From Housing Story:
A leading mortgage analyst predicts over 11 million homeowners will default and lose their home if the government fails to take more radical intervention.
Amherst Securities Group LP, one of the most respected names in mortgage research, has trumpeted an ambitious call-to-government arms in its October mortgage report.
“The death spiral of lower home prices, more borrowers underwater, higher transition rates (to default), more distressed sales and lower home prices must be arrested.”
The authors dismiss recent talk of mortgage performance improvement as statistical sleight-of-hand magically conjured by modifications…
Normally, an “ambitious call to government arms” is to be avoided – but, in this case, it will take government action. If you go in to the linked article, you’ll see some suggestions (including forced reductions of principle balance), not all of which I agree with. Back in July I put out what I think is the best plan possible, though I am sure others can be devised.
To nutshell my idea, I would have foreclosed houses being placed in a pool to have them leased out for two to five years, if at all possible to the people who were foreclosed on. The idea here is to keep the houses off the market, thus allowing a bit of stability to come to the housing market – while also allowing people to stay in their homes, resume paying for their residence (while going through foreclosure, a person doesn’t pay at all – while once foreclosed, the rent would be significantly less, in most cases, than the previous mortgage payment), and rebuild their credit so that in a few years they can re-enter the home buying market. The key thing to understand here is that while the economy is down, demand cannot recover – so, as we can’t help demand, we must reduce supply.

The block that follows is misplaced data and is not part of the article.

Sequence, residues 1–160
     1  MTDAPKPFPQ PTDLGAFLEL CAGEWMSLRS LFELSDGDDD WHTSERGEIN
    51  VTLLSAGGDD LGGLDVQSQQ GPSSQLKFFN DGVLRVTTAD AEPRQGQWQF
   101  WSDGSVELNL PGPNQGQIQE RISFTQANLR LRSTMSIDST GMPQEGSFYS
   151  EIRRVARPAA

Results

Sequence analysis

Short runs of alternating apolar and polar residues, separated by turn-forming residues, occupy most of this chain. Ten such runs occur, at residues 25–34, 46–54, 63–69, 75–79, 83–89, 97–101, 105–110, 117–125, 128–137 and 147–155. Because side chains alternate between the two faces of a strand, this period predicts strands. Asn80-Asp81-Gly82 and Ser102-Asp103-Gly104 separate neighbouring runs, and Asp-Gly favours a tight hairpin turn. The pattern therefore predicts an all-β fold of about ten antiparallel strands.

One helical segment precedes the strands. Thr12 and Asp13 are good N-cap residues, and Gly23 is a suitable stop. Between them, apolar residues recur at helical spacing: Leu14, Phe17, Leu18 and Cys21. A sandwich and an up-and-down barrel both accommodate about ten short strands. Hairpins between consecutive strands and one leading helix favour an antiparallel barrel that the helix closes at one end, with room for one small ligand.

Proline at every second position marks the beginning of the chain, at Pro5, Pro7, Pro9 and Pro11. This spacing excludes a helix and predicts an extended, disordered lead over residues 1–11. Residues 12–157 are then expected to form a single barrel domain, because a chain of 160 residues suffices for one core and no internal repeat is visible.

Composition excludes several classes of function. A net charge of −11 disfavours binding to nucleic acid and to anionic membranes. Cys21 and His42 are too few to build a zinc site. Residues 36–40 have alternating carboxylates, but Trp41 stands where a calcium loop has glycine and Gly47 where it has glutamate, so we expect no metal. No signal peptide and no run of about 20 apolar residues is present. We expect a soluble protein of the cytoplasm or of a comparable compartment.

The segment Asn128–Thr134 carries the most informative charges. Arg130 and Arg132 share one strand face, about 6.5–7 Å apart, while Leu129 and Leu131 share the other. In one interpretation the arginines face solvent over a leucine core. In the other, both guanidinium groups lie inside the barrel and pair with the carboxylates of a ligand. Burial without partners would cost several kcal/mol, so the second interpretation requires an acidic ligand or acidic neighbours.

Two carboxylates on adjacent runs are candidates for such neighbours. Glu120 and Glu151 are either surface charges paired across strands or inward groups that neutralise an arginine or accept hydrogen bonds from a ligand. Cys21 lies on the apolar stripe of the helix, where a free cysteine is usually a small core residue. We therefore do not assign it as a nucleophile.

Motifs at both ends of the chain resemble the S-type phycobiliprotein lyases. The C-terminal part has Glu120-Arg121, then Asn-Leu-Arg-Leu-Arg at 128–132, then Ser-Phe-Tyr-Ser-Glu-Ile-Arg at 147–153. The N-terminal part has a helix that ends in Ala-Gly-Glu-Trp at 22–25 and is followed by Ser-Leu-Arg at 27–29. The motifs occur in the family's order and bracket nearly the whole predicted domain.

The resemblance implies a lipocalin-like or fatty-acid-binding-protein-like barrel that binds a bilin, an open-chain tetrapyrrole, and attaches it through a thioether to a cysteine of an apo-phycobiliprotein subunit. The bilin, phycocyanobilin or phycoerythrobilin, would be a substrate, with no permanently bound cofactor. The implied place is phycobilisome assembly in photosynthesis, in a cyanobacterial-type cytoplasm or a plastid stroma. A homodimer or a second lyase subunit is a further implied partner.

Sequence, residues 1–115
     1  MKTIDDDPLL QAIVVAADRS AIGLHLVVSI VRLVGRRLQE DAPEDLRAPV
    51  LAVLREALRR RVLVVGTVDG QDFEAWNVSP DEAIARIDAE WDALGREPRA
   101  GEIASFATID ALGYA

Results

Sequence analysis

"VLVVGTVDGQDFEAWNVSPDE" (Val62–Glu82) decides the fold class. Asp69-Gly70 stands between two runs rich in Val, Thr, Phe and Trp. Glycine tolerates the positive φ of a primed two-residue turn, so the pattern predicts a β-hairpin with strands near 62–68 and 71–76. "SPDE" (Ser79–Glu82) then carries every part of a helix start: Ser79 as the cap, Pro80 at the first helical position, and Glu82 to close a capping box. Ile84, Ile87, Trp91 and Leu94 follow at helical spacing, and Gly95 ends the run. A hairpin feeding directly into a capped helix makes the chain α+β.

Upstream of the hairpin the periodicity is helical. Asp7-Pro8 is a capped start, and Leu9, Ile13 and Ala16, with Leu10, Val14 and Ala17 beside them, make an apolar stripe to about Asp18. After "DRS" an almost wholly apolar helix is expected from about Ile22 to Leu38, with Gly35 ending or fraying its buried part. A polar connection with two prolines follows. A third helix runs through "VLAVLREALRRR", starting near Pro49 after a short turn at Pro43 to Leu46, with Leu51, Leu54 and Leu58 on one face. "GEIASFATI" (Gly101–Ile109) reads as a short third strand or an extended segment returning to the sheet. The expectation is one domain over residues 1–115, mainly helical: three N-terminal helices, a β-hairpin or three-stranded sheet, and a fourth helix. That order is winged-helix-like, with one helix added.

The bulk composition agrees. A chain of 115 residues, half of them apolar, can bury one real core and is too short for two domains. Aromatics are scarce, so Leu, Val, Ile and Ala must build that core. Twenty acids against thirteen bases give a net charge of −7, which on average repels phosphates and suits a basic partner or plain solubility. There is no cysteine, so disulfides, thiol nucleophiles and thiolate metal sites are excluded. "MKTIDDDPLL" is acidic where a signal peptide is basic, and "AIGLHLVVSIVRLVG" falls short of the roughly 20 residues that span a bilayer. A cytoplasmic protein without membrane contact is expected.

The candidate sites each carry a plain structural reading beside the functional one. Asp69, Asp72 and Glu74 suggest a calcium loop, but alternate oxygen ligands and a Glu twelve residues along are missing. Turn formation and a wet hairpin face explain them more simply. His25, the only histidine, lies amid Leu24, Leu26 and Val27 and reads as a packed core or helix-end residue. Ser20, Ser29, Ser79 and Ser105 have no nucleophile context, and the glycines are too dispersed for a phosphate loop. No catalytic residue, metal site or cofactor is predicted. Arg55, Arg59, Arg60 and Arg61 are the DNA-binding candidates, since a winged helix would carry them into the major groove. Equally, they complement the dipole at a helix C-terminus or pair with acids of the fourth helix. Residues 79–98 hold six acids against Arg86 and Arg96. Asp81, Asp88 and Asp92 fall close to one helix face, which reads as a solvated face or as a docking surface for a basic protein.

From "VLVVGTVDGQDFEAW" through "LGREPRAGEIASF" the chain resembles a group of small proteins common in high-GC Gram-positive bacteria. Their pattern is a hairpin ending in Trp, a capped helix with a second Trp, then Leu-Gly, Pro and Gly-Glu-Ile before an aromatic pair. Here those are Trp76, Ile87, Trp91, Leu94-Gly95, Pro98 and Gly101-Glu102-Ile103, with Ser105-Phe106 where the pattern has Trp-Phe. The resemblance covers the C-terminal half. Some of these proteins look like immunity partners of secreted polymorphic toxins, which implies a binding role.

I would also change a few other things to redress the balance of power between borrowers and lenders. Right now, lenders pretty much run the show, especially as they can afford pricey legal counsel while most borrowers can’t. As a for-instance, I would allow genuine “deed in lieu of trust”, so that a borrower could surrender the property to the bank with no adverse credit and no residual balance to pay – this, I think, would make the banks more willing to actually work with distressed borrowers who really can continue to make at least some payments (a lot of people have reduced income rather than no income in this economy). There are other things along this line which can be done.
Housing in America has utterly collapsed. The only reason houses retain any value at all is because we’re essentially pretending that they do. Given the real inventory of unsold homes in America and the paucity of demand, everyone’s house is pretty much worthless except at fire-sale prices. Eventually this will all catch up with us and the resumption of the housing crash would be devastating to an already very weak economy. Better to act pro-actively to find new solutions to a problem which was decades in the making.
We can’t allow things to drift, nor can we count on the banks to fix it, nor dare we allow liberals to run a class-warfare program where foreclosures are just stopped (that would be even more disastrous than allowing them to continue – if there is a moratorium on foreclosures, a lot of people would stop paying just because of that). We have to think about what we want, and then have the courage to act. Right now, I doubt we have anyone in charge who has either courage or intelligence – but that may change soon.